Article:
We examined 35 unfluorinated, partially fluorinated, and perfluorinated methanes, ethanes, propanes, and butanes to define those molecular properties that best correlated with optimum solubility (low) and potency (high). Limited additional data were obtained on longer-chained alkanes. Using standard techniques, we assessed anesthetic potency (minimum alveolar anesthetic concentration [MAC] in rats); vapor pressure; stability in soda lime; and solubility in saline, human blood, and oil. If nonflammability, stability, low solubility in blood, clinically useful vapor pressures, and potency permitting delivery of high concentrations of oxygen are essential components of an anesthetic that might supplant those presently available, our data indicate that such a drug would have three or four carbon atoms with single or dual hydrogenation of two carbons, especially terminal carbons. We conclude that: 1) smaller and larger molecules and lesser hydrogenation provide insufficient potency; 2) high vapor pressures of smaller molecules do not permit the use of variable bypass vaporizers; 3) greater hydrogenation enhances flammability, and complete hydrogenation decreases potency; 4) internal hydrogenation decreases stability; and 5) greater hydrogenation increases blood solubility.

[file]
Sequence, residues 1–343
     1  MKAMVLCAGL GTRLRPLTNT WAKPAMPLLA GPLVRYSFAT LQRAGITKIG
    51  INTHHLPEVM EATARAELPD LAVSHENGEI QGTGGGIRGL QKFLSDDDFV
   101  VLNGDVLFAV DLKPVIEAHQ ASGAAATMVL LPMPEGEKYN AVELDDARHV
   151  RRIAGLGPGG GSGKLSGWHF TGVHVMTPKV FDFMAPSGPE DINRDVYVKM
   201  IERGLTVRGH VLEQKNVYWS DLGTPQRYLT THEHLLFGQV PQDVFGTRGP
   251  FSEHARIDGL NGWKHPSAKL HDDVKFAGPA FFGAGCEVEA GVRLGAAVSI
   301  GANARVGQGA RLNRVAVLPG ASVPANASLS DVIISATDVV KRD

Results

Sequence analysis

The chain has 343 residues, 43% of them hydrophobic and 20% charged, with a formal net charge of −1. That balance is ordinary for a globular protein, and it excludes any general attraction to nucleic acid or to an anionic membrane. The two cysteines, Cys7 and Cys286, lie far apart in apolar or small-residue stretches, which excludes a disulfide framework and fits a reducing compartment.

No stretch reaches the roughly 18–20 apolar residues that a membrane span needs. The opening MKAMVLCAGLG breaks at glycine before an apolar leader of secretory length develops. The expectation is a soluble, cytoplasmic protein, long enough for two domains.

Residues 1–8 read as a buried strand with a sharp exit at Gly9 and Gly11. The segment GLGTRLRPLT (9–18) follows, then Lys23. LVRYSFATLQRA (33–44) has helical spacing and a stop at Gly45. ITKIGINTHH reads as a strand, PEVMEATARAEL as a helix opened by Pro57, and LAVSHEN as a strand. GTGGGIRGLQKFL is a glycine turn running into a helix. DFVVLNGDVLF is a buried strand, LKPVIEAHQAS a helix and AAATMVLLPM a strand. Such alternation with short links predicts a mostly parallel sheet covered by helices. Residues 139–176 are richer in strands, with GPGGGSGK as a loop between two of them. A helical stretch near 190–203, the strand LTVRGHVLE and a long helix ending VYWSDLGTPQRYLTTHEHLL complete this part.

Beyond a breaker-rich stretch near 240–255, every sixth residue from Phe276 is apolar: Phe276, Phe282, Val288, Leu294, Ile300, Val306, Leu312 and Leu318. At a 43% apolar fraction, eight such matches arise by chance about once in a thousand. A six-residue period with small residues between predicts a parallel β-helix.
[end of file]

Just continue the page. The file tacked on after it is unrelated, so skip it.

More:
Address correspondence to Edmond I Eger, II, MD, Box 0464, University of California, San Francisco, CA 94143–0464.
© 1994 International Anesthesia Research Society